Wednesday, August 11, 2010

Tapestry Fabrics - Garments

A long time ago and far far away I used to work a lot with tapestry fabrics. Today I stopped by a fabric store that specializes in Tapestry Fabric and had a wonderful time looking at and touching the different fabrics.

Way back when - I would make skirts and vests out of tapestry fabric. The prints and the look was just marvelous!! The fabric was easy to work with especially on the serger. AND it held up extremely well after several wearings. The only down side was it needed to be dry cleaned or hand washed.

Thoughts whirled in my head about going down that road again - but no vest - just skirts and perhaps a jacket.

I know this fabric is best for home dec projects - but go look at some of the tapestry (upholstery) fabric and give it some thought. Not meant for childrens clothes - adults only.

And it doesn't wrinkle when you sit down...more good news!

Wednesday, August 4, 2010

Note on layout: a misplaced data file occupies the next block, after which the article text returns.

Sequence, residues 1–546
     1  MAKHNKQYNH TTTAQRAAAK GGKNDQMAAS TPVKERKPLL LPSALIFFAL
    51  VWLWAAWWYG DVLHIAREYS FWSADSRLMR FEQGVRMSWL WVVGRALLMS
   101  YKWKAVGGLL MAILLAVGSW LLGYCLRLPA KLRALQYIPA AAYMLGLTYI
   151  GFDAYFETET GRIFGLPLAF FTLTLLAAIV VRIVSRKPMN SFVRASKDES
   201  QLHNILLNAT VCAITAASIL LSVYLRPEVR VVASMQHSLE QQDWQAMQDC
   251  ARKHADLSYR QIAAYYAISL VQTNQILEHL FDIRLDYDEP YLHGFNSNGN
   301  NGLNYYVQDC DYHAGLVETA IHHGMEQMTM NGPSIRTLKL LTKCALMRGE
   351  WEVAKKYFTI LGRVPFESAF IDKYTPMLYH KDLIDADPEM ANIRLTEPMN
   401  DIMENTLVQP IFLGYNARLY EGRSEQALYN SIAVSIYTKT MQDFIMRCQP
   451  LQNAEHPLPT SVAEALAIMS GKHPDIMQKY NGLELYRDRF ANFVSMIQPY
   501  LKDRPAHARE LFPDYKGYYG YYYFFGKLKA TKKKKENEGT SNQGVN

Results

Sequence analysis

Making banded hems for Pillowcases

When you want to use only the serger to make Pillowcases - it is easy and super quick.

Take an old Pillowcase and use as a pattern. Since there are 3 different sizes - Standard, Queen and King Size - best to use whatever size you prefer.

Measure it and then add for the seam allowance.

Cut on the fold of the fabric to reduce the number of seams.

Serge down the long side, then serger across the bottom.

Now fold up the hem and press. Now fold it inside so that the right sides are together. Now serging in the round (cut a notch to start) and serge all around the hem. Fold down and press seam up towards the body of the pillowcase. DONE! And quick as a snap!!!

Note - Always test first. Use a miniature piece of fabric so that you understand how to fold the hem.

If desired you could add a strip of lace, ribbon or any trim you like in the fold so that when you fold down the hem and press you will have embellishment (made EZ). Give it a try. I love making Holiday Pillowcases for family and friends.

BTW - I am working on the video. Hopefully soon, I will have it posted.

Happy Serging!!!